Thursday, February 23, 2006

Movie musings

I watched The Cider House Rules again tonight. The Newport Public Library has a copy of the DVD; I had taken it out about a month ago and really liked the movie, so when I saw it back on the shelf again today, I decided I needed to see it again.

Why do I like this movie? Hmmmm... Well, it's exactly the kind of thing I like best - intimate, personal, and poignant. I like John Irving's writing, and not only is his original novel a great book, but his own screen adaptation is just as brilliant. And of course what makes the movie intimate and personal is director Lasse Hellström, who has made a career out of that kind of movie. Hellström is also brilliant at casting, and the actors in this case fit Irving's characters like old, comfortable and well-used flannel shirts. I'd read the book years ago, and on watching the movie I just couldn't imagine any other actors fitting those roles. Michael Caine - well, what can you say about Michael Caine! When he says "Good night you princes of Maine, you kings of New England", you believe him. And Tobey Maguire's wide-eyed wonder as Homer Wells is just perfect. I hated him as Peter Parker/Spiderman, but he was born to play Homer Wells. Charlize Theron is also perfect as Candy, the girl who just isn't any good at being alone. And Delroy Lindo as Arthur Rose - that man is just so good! Remember him as West Indian Archie in Malcolm X? A brilliant actor.

But most of all this movie is good because of Lasse Hellström. I've gotten to be a real fan of his stuff - My Life As a Dog, What's Eating Gilbert Grape, The Shipping News, and An Unfinished Life (I haven't seen Casanova yet - I saw the trailers and a film clip; I suspect that like Chocolat this is going to be one of the few Hellström films I really don't like). Shipping News is my favorite, although I saw an Unfinished Life and am waiting for the DVD to come out so I can watch it a few more times and settle into it. What he and Morgan Freeman and Robert Redford did to create the relationship between those two old ranchers was probably the best work the three of them have created (although Freeman's role as Red in Shawshank Redemption with Tim Robbins as Andy Dufresne and directed by Frank Darabont is pretty close to being just as close-knit, natural, and elegant).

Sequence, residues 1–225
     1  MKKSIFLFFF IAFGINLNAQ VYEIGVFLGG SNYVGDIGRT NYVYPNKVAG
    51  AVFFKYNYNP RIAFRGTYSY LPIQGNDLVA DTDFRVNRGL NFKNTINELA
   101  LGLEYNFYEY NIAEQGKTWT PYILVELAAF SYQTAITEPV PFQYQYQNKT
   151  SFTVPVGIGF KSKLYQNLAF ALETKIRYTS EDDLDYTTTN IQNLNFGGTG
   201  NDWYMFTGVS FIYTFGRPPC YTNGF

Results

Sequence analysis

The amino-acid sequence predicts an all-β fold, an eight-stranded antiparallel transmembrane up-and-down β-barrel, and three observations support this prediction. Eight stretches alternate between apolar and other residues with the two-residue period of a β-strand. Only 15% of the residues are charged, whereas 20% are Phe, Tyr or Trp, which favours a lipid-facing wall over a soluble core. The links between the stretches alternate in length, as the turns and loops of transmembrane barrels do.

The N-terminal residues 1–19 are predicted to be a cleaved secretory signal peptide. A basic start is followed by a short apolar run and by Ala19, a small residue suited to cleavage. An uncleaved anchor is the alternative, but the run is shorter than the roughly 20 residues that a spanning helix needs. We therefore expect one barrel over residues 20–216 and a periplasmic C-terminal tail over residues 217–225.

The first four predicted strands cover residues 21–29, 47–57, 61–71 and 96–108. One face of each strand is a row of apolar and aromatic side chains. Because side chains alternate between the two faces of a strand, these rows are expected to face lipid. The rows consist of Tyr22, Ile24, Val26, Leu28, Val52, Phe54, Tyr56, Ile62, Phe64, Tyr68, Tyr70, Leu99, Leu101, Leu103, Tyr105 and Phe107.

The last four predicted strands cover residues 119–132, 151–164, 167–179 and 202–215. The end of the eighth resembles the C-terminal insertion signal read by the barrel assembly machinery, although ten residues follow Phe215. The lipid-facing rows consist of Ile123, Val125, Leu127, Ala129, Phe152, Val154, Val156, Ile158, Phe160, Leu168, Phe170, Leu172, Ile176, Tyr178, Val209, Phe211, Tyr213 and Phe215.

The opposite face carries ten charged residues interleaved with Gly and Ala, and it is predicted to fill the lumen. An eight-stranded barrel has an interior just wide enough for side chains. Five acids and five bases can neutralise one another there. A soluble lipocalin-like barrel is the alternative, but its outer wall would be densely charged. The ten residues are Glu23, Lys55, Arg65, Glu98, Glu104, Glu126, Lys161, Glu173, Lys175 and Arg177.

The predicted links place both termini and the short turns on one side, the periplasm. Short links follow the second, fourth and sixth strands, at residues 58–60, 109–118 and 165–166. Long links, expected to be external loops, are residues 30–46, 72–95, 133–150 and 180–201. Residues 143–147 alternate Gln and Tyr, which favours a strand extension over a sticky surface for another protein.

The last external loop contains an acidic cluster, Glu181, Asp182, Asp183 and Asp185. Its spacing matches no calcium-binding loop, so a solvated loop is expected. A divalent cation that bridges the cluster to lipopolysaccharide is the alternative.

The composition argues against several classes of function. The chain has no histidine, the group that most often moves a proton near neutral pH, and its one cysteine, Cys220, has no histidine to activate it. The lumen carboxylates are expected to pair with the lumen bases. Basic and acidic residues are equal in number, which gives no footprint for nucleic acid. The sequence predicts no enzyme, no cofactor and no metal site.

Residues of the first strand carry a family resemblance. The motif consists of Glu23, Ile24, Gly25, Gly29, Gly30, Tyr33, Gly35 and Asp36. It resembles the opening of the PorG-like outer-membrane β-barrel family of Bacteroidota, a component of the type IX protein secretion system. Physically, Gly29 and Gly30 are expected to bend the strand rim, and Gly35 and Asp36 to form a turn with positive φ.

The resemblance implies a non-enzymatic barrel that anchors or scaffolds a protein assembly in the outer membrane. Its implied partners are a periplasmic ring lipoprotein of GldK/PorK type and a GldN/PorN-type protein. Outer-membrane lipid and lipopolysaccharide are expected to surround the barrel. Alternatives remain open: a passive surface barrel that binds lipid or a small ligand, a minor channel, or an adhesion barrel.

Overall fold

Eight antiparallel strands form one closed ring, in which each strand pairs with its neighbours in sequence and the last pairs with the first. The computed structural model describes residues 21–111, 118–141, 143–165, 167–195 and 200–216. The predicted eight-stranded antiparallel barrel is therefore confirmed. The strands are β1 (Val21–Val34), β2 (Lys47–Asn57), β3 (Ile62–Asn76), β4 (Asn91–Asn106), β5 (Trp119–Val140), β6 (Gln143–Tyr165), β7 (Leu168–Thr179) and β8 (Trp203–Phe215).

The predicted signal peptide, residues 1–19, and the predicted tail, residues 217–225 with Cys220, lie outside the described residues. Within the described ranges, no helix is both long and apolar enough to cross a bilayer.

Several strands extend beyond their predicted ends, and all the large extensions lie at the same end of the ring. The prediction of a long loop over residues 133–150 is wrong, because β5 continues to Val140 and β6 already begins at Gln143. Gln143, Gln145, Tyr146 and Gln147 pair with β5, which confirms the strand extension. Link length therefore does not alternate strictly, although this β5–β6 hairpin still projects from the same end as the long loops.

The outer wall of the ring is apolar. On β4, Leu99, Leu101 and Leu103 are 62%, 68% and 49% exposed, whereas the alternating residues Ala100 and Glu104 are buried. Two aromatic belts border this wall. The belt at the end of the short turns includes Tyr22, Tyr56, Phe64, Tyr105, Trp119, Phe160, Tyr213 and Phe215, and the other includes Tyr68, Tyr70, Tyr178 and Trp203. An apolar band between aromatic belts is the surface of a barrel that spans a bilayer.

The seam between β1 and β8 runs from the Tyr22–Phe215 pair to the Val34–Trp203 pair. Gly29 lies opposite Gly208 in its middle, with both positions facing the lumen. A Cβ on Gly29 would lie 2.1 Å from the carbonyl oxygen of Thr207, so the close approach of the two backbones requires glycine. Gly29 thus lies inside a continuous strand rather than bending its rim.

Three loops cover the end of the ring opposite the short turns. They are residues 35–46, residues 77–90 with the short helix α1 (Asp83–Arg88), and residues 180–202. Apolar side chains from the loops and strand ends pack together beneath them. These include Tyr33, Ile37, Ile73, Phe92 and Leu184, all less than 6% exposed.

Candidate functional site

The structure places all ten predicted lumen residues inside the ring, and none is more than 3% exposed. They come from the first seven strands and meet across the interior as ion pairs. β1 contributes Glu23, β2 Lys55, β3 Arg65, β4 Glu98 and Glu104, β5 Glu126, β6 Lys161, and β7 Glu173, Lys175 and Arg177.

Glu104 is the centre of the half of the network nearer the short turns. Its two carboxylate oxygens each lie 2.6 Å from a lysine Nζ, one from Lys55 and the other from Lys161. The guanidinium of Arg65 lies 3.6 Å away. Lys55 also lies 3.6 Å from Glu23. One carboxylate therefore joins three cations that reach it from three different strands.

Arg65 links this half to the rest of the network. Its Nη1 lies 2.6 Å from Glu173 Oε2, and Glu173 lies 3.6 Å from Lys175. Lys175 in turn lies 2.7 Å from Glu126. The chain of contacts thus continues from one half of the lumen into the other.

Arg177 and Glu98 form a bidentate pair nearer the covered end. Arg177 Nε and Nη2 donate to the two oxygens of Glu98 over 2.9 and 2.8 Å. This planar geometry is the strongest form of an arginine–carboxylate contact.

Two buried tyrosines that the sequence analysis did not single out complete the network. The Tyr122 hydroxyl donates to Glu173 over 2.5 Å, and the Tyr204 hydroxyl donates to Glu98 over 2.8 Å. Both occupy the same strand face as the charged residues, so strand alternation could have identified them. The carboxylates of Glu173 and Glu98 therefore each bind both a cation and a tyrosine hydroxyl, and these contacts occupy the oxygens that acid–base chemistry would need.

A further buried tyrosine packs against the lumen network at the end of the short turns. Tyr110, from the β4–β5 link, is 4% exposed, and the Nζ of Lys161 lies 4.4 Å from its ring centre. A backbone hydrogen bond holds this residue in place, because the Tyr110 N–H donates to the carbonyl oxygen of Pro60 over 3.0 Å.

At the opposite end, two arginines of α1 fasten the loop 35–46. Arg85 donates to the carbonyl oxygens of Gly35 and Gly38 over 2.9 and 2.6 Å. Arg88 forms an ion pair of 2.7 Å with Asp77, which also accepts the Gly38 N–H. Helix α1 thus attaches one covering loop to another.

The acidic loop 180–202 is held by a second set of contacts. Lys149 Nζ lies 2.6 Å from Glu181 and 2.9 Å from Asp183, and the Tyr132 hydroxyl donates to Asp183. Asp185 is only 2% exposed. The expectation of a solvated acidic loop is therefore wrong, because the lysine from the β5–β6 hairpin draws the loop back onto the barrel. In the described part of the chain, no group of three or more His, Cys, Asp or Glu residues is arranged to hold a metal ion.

But what Hellström did with Annie Proulx's novel The Shipping News, and especially the job he did with Kevin Spacey to create a character totally unlike anything Spacey has ever done before... I didn't like Cate Blanchette in that one, but then again her character was unsympathetic anyhow, so I guess she did a good job. But the real working ensemble was the Newfoundland cast, with Spacey and Julianne Moore and Judi Dench, and the job Hellström did with them to create three damaged characters healing and becoming whole was some of the most beautiful acting and filmmaking I've ever seen. Again, the man is brilliant at casting. Who would ever have seen Quoyle, the ultimate personality-less nebbish, in the acting Spacey had done to create his characteristic rash, devil-may-care characters? Moore and Dench had already created roles similar to the ones they played in Shipping News, but Kevin Spacey was a pleasant surprise. And Julianne Moore seems to be making a habit of playing serious, truly great theatrical roles. Remember her as Laura Brown in The Hours? Ahhhhhh! But that's Lasse Hellström's genius - he chooses just the right actors to fit the roles and creates the cinematic atmosphere in which they do their best work.

Oh, and one hilarious irony in Shipping News: I cracked up seeing both Cate Blanchette and Judi Dench in the cast; they both had played Queen Elizabeth I - Judi Dench in Shakespeare In Love (1998) and Cate Blanchette in Elizabeth (also in 1998).

And that's my musing for today. Be sure to check back here tomorrow night - I'm putting together a photo essay on my spiritual home. Until then, sleep well, live a good life, and enjoy every moment.

Monday, February 20, 2006

A walk by the pond